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LORs

Discussion in 'Pre-Medical Allopathic [ MD ]' started by Strudel19, 09.26.14.

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  1. Strudel19

    Strudel19 5+ Year Member

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    As I get closer to thinking about who I'll ask for an LOR, I'm hoping someone on these forums can give me some advice.

    1) Correct me if I'm wrong, I hear that two things matter in an LOR: what is being said and who is saying it. Is this true?

    2) What makes the person "saying" it any "better"? Their position in the department? Where they earned their graduate degree? How well they are regionally or even nationally known?

    3) Is any one letter more important than another? For example, a committee letter over a letter from a professor or physician?
     
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  3. NoDakDok

    NoDakDok 2+ Year Member

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    Uh, is there anything else to a LoR?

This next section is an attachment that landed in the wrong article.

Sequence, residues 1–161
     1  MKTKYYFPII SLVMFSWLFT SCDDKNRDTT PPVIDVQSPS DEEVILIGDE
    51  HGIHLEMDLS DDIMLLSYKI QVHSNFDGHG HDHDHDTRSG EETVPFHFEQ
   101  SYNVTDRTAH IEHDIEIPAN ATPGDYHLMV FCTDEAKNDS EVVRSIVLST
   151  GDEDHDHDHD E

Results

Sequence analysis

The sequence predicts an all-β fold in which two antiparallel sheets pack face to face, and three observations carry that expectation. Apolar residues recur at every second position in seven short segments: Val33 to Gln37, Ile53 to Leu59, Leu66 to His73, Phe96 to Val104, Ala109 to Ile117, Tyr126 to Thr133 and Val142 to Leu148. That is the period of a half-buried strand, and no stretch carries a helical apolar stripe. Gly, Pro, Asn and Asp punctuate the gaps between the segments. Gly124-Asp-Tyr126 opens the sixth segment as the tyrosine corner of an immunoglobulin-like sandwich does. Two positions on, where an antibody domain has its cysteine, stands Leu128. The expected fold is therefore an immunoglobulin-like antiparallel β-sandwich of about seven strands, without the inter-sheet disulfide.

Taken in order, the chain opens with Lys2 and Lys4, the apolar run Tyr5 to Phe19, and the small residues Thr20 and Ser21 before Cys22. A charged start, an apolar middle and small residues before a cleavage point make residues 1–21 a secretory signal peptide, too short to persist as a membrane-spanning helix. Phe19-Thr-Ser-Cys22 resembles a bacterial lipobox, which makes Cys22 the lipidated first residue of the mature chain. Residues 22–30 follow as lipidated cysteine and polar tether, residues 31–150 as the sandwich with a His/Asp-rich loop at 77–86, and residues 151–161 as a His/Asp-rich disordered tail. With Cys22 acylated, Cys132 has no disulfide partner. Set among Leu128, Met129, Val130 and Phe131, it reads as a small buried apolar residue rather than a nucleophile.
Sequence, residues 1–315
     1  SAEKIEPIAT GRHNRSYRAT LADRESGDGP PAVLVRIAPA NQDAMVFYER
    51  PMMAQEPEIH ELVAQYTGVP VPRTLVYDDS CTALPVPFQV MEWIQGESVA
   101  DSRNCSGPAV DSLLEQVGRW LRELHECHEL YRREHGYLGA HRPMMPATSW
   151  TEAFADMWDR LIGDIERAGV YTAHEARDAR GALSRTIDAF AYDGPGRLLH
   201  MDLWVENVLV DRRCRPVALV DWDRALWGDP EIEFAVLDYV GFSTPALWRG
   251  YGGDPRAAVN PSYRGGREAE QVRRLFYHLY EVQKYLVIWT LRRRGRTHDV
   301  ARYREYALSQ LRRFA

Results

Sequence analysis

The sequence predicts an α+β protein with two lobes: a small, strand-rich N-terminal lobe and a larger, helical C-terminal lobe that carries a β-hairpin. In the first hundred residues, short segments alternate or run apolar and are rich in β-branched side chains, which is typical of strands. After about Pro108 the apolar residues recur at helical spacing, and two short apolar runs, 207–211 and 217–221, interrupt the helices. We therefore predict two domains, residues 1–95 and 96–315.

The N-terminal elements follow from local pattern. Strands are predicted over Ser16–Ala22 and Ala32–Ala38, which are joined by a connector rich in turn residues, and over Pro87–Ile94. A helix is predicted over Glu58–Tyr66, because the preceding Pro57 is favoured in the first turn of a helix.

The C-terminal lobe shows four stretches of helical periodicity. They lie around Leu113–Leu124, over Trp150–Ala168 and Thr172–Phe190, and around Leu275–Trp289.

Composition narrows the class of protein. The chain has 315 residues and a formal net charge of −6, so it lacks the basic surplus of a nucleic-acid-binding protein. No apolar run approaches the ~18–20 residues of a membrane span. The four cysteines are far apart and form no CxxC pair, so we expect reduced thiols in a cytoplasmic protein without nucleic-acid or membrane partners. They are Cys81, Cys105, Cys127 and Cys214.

The best person to write your letter is a person who truly knows you and can sincerely make you sound like the bee's knees. Period.

    Committee letters are often sent by themselves, so they would be the most important LoR given that they are the only LoR. That certainly doesn't mean they're more important than a well-written letter from a professor or a physician, they are simply usually not together. One is not simply better or worse than the other because they are a committee letter or a letter from a professor/physician, it's the content that counts.

    What is actually said in LoRs is of paramount importance to how it is received. While certainly, it might be helpful to have a person on the admission's committee of the school write you a letter, that's pretty uncommon and would have mixed effects. What doesn't have mixed effects is a letter that makes you sound like the kind of physician the reader wants treating their father or son.
     
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  4. Strudel19

    Strudel19 5+ Year Member

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    Great answer. I'll keep this in mind. Thanks!
     

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